University of Colorado Boulder Regent At-Lesley Smith spoke Monday on the CU Boulder campus about her role as a regent and her aims for increased sustainability across the CU system. Smith spoke alongside members of the School of Education Development Advisory Board.
Elected in 2018, Smith began her term in 2019 and will serve until 2025. She ran with a focus on sustainability initiatives for the entire university system. Part of her agenda Monday was informing students, other community attendees and the School of Education Development Advisory Board about the role of the Board of Regents which she said has the sole duty of hiring, firing and overseeing the system president, which is currently Mark Kennedy. In addition, regents oversee the system budget, which is around $4.5 billion, as well as the policies and laws that govern the system.
“The public is just not educated very well about regents,” Smith said.
She went on to update the audience about ongoing discussions on a civics resolution, a motion that has been debated on and tabled during past regent meetings. As it stands now, it would demand comprehensive monitoring of the civic literacy of students and the potential for mandatory freshmen civics testing. The University Affairs Committee recommends that this action will be resolved at Thursday’s Board of Regents meeting.
University Affairs states, “The goal of these activities is to progressively increase the percentage of students graduating from CU who have attained or participated in at least one these measures” in the resolution.
In addition to explaining her role as a regent, Smith made clear her focus on system-wide sustainability, a key focus of her campaign for regent.
Smith has a long history of environmental studies, receiving a bachelor’s degree in aquatic biology from the University of California Santa Barbara and a doctorate in marine, environmental and estuarine sciences at the University of Maryland.
She first came to CU Boulder on a visiting scientist fellowship, researching natural and anthropocentric sources of greenhouse emissions at CU’s Cooperative Institute for Research in Environmental Sciences (CIRES). She eventually shifted focus to science outreach through the CIRES education outreach program, where she later became an associate director.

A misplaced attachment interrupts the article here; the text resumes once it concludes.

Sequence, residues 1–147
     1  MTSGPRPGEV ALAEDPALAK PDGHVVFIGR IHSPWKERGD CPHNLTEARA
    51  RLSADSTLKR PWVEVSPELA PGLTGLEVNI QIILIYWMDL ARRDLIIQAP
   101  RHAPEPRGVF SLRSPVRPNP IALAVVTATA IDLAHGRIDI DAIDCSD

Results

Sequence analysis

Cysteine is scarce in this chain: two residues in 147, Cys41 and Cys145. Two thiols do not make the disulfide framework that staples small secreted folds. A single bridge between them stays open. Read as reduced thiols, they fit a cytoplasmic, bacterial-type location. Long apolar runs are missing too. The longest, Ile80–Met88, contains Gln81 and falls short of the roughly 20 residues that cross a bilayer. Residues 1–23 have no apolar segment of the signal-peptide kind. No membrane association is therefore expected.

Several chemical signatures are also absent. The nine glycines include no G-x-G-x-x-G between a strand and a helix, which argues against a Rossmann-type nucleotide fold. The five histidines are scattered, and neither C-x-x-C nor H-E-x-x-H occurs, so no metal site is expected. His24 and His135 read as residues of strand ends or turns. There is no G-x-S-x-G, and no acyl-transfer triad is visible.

As a regent, Smith described seeing poor attention to sustainability in the system office in Denver, calling out wasteful energy use such as buildings that would have lights on while no one was in the rooms. She noted that a major avenue of sustainability comes in deferred maintenance projects.
In talking to the CU Environmental Center she learned of the star rating system and the gold rankings of the Boulder and Colorado Springs campuses.
“We should all be platinum,” she said, referencing a Leadership in Energy and Environmental Design (LEED) certification by the United States Green Building Council. Several CU Boulder campus buildings currently hold platinum LEED certification.
Smith expanded on various sustainability projects across the CU campuses such as CU Boulder’s East Campus which has created its own solar garden and the Colorado Springs campus which buys renewable energy offsets.
“If we had a flood, and (East Campus) were an island, it would be self-contained,” Smith explained, adding that other campuses such as Colorado Springs have taken similar measures.
While she said it can still be polarizing to “talk about climate change” in such divisive political times, she believes the term sustainability is a term that can bring everyone together for a common goal.
But talks with Kennedy regarding sustainability have taken a backseat, according to Smith, who said the CU president is currently prioritizing making CU a leader in health and space. When issues of sustainability have come up, Smith said Kennedy’s response has been, “I’m going to put this in my sustainability folder (be)cause I’m focusing on space and health science first but this will be the next thing.”
After the talk, Dr. Elizabeth J. Meyer, associate dean of students, said that “we are blessed to have such a well-equipped regent” and that she “wished more students could hear what (regents) have to say.”
Jackie Colt, chair of CU’s School of Education Advisory Board, said she appreciates “hearing Leslie’s viewpoint first hand.”
Contact CU Independent Staff Writer Mairead Brogan at firstname.lastname@example.org.